Sometimes the most frustrating and difficult behavior problems get solved with the most simplistic training methods. Methods which, I charge over $100 an hour to teach! No matter how long I train dogs and their people there are still so many human students who fail in the consistency department despite all the time I’ve spent trying to education them on why it’s so, so important to eliminate the rehearsal of unwanted behavior, replacing those behaviors with desirable behavior we’ve rewarded through training. Let’s look at the word consistency for a second and then I’m going to break it down for you to how this relates to your everyday interactions with your dog.

con·sist·en·cy

noun

Conformity in the application of something, typically that which is necessary for the sake of logic, accuracy, or fairness.
“You must train your dog everyday, at every interaction with your dog, to ensure greater consistency of desirable behaviors”
Synonyms: regularity, stability, dependability, reliability.
The reality is is that every moment you interact with your dog is he learning. Just like how we, as people, learn new things everyday as we experience the world around us. We may not be aware of all the times that we as humans learn things about new environments, but I assure you that as you enter a room full of new people, or go to a new restaurant or travel to new city your brain is working on overdrive just to keep up with all the new information it has to process, learn and then use so that you can navigate the world around you. Animals are brilliant creatuers and we are included in that category of brilliance. When you really stop to take a step back and think about the learning process it can be overwhelming just what we’re capable of!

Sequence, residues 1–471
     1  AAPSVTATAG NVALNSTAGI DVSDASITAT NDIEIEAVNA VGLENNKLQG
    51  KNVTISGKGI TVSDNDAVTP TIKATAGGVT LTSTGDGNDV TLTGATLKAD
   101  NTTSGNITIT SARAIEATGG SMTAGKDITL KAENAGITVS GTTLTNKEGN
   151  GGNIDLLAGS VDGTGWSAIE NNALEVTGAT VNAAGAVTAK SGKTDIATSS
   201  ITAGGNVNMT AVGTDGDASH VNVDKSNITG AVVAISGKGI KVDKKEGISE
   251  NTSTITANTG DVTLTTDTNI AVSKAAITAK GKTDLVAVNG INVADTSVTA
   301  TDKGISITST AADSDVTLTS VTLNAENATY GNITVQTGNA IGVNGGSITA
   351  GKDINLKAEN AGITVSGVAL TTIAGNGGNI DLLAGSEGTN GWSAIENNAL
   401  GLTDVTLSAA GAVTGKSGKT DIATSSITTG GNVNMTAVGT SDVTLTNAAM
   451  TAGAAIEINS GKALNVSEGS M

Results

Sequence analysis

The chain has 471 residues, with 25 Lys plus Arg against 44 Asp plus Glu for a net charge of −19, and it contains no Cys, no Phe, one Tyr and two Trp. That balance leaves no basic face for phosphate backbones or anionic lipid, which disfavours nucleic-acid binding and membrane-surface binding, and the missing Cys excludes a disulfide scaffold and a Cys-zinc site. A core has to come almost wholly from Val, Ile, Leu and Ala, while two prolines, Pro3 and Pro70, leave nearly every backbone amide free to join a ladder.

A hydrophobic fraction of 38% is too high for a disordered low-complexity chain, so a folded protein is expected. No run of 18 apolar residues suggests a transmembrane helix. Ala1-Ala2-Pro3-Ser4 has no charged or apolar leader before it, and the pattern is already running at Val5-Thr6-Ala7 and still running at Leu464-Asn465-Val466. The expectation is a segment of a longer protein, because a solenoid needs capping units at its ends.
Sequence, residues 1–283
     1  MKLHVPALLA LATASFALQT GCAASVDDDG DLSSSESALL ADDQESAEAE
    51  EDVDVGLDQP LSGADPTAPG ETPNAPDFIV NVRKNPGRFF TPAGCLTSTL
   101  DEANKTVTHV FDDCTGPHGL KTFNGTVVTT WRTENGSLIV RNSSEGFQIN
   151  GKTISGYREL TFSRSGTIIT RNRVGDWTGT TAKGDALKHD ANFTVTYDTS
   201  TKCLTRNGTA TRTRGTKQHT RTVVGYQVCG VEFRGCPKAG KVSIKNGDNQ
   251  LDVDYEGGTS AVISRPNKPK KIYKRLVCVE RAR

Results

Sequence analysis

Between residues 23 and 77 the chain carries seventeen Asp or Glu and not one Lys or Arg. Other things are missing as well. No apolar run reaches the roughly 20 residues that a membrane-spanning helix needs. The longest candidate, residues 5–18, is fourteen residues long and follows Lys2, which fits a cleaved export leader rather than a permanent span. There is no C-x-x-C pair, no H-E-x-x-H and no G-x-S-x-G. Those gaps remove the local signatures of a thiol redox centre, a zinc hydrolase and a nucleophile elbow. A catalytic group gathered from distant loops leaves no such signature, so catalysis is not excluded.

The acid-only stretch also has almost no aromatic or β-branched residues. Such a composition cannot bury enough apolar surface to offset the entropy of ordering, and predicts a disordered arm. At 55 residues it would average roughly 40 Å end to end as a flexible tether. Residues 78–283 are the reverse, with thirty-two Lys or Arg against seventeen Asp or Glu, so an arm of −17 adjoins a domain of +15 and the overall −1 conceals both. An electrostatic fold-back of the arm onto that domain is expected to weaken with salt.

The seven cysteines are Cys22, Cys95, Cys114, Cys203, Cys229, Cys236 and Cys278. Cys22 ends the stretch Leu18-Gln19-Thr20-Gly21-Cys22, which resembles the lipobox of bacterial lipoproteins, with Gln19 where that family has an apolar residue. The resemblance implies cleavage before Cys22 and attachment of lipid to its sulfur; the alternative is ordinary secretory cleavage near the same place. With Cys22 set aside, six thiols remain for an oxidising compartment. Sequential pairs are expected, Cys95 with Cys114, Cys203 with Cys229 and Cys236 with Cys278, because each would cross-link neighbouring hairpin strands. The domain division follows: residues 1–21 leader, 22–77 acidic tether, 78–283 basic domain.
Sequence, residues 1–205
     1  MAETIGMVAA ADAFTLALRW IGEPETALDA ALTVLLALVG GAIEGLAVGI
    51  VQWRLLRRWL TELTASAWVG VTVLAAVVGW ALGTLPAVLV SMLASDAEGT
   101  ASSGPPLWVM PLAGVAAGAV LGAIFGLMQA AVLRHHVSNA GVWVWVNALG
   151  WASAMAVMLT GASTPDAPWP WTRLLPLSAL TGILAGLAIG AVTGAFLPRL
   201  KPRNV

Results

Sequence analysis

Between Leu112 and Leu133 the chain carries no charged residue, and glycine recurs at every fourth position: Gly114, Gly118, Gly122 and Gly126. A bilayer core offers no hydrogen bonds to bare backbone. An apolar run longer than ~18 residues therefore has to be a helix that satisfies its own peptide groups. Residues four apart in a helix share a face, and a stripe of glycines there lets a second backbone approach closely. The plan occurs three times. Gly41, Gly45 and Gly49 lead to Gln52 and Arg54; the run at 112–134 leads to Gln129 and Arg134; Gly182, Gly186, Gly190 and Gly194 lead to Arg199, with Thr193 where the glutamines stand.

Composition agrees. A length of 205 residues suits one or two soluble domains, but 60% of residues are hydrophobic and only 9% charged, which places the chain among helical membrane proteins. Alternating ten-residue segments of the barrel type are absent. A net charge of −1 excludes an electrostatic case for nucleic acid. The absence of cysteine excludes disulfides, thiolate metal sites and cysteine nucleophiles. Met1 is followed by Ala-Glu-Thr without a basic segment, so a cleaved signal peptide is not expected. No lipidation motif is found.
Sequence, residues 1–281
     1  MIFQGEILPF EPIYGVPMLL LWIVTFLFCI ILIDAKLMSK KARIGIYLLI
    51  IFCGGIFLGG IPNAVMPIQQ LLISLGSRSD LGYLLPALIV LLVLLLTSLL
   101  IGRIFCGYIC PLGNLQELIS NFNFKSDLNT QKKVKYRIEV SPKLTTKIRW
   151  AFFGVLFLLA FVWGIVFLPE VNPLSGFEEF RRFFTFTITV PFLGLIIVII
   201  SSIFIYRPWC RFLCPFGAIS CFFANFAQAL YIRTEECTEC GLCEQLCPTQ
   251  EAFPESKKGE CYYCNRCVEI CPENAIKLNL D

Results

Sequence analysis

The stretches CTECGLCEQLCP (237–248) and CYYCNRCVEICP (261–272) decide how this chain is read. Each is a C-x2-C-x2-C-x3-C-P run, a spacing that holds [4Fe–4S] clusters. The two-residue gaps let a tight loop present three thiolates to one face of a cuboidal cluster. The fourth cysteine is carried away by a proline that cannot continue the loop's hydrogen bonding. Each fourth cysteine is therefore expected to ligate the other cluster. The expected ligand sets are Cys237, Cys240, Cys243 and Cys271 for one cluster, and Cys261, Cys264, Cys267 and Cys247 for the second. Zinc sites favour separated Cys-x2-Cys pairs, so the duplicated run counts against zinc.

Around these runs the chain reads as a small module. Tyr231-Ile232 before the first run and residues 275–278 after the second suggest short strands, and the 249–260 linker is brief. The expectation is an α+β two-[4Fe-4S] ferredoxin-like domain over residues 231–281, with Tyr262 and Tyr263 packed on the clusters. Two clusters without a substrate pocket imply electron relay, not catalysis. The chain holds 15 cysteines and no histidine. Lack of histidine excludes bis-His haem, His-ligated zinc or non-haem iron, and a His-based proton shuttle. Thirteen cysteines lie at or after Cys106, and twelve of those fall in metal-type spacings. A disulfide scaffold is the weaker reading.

Think about learning to drive and how sometimes you can be driving home and suddenly realize you’re closer to home than you thought. How did you even get there? How do you not “remember” making whatever turns you needed to make to get to the traffic light you’re currently at? That’s learning my friend! Your brain is programmed to behave a certain way in a certain circumstance because of how consistent you’ve been in driving the same route home, everyday, for likely years. I suspect that my dogs are the same way. They no longer actively wonder how they ended up in the kitchen sitting politely waiting for a cookie when the doorbell rings, nor do they even have to really think about how they’re going to get to the kitchen and sit. They simply hear someone at the door and head for the kitchen and sit. This is a behavior I’ve trained them to do, and because of the consistency of which I practice nice quiet doggie behaviors when delivery people come to bring food to my house my dogs have learned what the appropriate response is. Is it really that simple? The fact that I was consistent with their training? YES.

Take it from our friends at Cornell University, who explain the way humans learn through training: Training resulted in decreased activity in brain regions involved in effortful control and attention that closely overlap with the frontoparietal control and dorsal attention networks. Increased activity was found after training, however, in the default network that is involved in self-reflective activities, including future planning or even day dreaming. Thus, skill mastery is associated with increased activity in areas not engaged in skill performance, and this shift can be detected in the large-scale networks of the brain.